Eurozone gets deal to pave way for end to Greece's bailout

LUXEMBOURG (AP) — Eurozone nations agreed on the final elements of a plan to get Greece out of its...

Trump jabbed first, and now world hits back in trade fight

WASHINGTON (AP) — The United States attacked first, imposing tariffs on steel and aluminum from around the...

Israeli Prime Minister Benjamin Netanyahu
Julie Pace and Aron Heller, Associated Press

Israeli Prime Minister Benjamin Netanyahu gestures while addressing the 2015 American Israel Public Affairs Committee (AIPAC) Policy Conference in Washington, Monday, March 2, 2015. (AP Photo/Cliff Owen)

Israeli Prime Minister Benjamin Netanyahu insisted Monday that his plans to address Congress are not aimed at disrespecting President Barack Obama, even as he assailed the U.S. leader's bid for a nuclear deal with Iran as a threat to his country's survival.

"I have a moral obligation to speak up in the face of these dangers while there is still time to avert them," Netanyahu said during an address to a pro-Israel lobbying group in Washington.

As Netanyahu spoke, Secretary of State John Kerry was opening a new round of talks with Iran in Geneva aimed at reaching a framework nuclear deal ahead of a late March deadline. Obama views the prospect of a nuclear accord with the Islamic republic as a central component of his foreign policy legacy.

While Obama and Netanyahu have never had a warm personal relationship, the prime minister's visit to Washington this week has exposed the depth of their tensions.

At the heart of this latest flare-up is Netanyahu's decision to address a joint meeting of Congress, a Tuesday event during which he is sure to criticize the nuclear talks. The speech was arranged by Republican leaders without the Obama administration's knowledge, a move the White House blasted as a breach of diplomatic protocol.

Netanyahu's visit to Washington comes two weeks before Israeli elections, heightening the political overtones. Obama won't meet the prime minister while he is in town, citing longstanding policy to avoid appearing to play favorites in foreign elections.

In a preview of his speech to lawmakers, Netanyahu suggested that Obama did not — and could not— understand the extent of Israeli concerns about Iran's pursuit of a nuclear bomb.

"U.S. leaders worry about the security of their country," he said. "Israeli leaders worry about the survival of their country."

Despite his sharp rhetoric, Netanyahu declared that the relationship between the U.S. and Israel remains strong.

"Reports of the demise of the Israeli-U.S. relationship is not only premature, they're just wrong," Netanyahu said. "Our alliance is stronger than ever."

Netanyahu's remarks at the annual policy conference of the American Israel Public Affairs Committee were being bracketed by speeches from a pair of senior U.S. officials: U.N. Ambassador Samantha Power and National Security Adviser Susan Rice.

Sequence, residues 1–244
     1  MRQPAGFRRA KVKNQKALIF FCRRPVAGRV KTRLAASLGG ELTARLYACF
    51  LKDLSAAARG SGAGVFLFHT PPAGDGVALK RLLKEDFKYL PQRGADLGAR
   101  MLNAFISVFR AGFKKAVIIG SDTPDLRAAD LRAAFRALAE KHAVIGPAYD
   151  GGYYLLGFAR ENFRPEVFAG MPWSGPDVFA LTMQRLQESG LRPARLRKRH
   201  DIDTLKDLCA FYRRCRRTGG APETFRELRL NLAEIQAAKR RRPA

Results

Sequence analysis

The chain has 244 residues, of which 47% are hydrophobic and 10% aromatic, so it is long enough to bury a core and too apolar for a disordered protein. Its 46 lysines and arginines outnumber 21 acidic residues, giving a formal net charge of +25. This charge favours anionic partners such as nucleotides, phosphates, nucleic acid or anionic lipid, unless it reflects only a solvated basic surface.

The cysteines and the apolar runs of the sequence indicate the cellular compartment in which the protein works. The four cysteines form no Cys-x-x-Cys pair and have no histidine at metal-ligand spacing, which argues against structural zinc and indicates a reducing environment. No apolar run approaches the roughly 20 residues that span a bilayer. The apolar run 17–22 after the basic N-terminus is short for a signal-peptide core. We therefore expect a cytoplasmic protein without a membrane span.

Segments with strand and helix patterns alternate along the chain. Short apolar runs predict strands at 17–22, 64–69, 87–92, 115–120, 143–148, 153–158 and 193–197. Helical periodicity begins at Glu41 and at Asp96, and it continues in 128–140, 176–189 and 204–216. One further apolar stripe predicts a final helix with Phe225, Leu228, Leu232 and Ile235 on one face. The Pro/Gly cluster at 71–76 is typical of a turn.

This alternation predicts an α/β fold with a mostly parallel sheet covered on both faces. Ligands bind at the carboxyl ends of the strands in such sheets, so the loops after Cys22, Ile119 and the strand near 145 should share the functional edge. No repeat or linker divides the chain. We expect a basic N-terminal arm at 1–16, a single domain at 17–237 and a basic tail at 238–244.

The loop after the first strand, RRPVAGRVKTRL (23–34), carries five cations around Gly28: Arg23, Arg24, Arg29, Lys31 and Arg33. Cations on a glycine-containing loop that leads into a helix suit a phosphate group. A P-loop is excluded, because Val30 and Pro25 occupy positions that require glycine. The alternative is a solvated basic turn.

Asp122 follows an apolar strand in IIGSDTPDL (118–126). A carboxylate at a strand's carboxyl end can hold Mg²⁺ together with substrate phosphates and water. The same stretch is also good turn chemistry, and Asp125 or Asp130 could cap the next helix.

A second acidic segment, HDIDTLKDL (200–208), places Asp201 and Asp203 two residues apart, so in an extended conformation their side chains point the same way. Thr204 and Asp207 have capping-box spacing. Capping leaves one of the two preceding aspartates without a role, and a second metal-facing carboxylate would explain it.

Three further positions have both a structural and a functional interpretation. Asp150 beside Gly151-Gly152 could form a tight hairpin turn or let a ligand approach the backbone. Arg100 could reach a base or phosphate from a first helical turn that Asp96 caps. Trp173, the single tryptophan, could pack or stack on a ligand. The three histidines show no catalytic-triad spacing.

Power spoke warmly of the ties between the U.S. and Israel, saying the relationship was rooted in "shared, fundamental values." She highlighted the billions of dollars in military assistance Washington provides Israel and the constant defense the U.S. provides Israel at the United Nations.

Power said the deep ties between the longtime allies meant their relationship "should never be politicized."

The ambassador also defended Obama's pursuit of an accord with Iran and said the president shared Israel's commitment to preventing Tehran from obtaining a nuclear weapon.

"If diplomacy should fail, we know the stakes of a nuclear-armed Iran," she said. "We will not let it happen."

Rice was expected to deliver a more specific rebuttal to Netanyahu's criticism of the U.S.-led nuclear negotiations. She also has been among the most outspoken critics of the prime minister's plan to address Congress, calling the move "destructive" to the U.S.-Israel relationship.

Netanyahu has long been suspicious of Obama's negotiations with Iran, fearing the U.S. and its negotiating partners are prepared to leave Tehran on the cusp of developing a nuclear weapon. He has stepped up his public criticism as the parties inch closer to the March deadline.

U.S. and Israeli officials have reported progress on a deal that would freeze Iran's nuclear program for 10 years but allow it to slowly ramp up in the later years of an agreement. Netanyahu has vigorously criticized the contours of such an agreement, saying it suggests the U.S. and its partners have "given up" on stopping Iran from being able to get a bomb.

A Netanyahu adviser told reporters traveling with the prime minister to Washington Sunday that Israel was well aware of the details of the emerging nuclear deal and that they included Western compromises that were dangerous for Israel. Still, he tried to lower tensions by saying that Israel "does not oppose every deal" and was merely doing its best to warn the U.S. of the risks.

Kerry, who is in Switzerland for the next round of nuclear negotiations, warned Israel against releasing "selective details" of the negotiations.

"Doing so would make it more difficult to reach the goal that Israel and others say they share," said Kerry, who is negotiating alongside diplomats from Britain, France, Germany, Russia and China.

 

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AP Diplomatic Writer Matthew Lee in Geneva and AP writer Bradley Klapper in Washington contributed to this report.

Follow Julie Pace at http://twitter.com/jpaceDC and Aron Heller at http://twitter.com/aronhellerap

Copyright 2015 The Associated Press. All rights reserved. This material may not be published, broadcast, rewritten or redistributed.